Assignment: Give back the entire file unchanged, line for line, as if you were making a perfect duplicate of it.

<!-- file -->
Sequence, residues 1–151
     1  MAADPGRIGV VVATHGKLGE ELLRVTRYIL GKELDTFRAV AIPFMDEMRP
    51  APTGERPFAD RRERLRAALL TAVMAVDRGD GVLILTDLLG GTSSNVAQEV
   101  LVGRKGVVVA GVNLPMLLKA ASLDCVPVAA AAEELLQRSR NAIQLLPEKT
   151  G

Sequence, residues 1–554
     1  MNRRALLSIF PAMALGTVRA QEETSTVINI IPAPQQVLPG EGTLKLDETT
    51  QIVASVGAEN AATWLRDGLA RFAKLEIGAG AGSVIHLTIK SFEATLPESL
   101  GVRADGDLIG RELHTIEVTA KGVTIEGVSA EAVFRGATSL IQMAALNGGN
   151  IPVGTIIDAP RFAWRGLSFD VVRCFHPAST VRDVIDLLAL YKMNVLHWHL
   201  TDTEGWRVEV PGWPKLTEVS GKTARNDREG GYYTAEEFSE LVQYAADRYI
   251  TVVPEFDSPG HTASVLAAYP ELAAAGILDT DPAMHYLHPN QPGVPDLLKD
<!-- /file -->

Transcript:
Sequence, residues 1–151
     1  MAADPGRIGV VVATHGKLGE ELLRVTRYIL GKELDTFRAV AIPFMDEMRP
    51  APTGERPFAD RRERLRAALL TAVMAVDRGD GVLILTDLLG GTSSNVAQEV
   101  LVGRKGVVVA GVNLPMLLKA ASLDCVPVAA AAEELLQRSR NAIQLLPEKT
   151  G

Sequence, residues 1–554
     1  MNRRALLSIF PAMALGTVRA QEETSTVINI IPAPQQVLPG EGTLKLDETT
    51  QIVASVGAEN AATWLRDGLA RFAKLEIGAG AGSVIHLTIK SFEATLPESL
   101  GVRADGDLIG RELHTIEVTA KGVTIEGVSA EAVFRGATSL IQMAALNGGN
   151  IPVGTIIDAP RFAWRGLSFD VVRCFHPAST VRDVIDLLAL YKMNVLHWHL
   201  TDTEGWRVEV PGWPKLTEVS GKTARNDREG GYYTAEEFSE LVQYAADRYI
   251  TVVPEFDSPG HTASVLAAYP ELAAAGILDT DPAMHYLHPN QPGVPDLLKD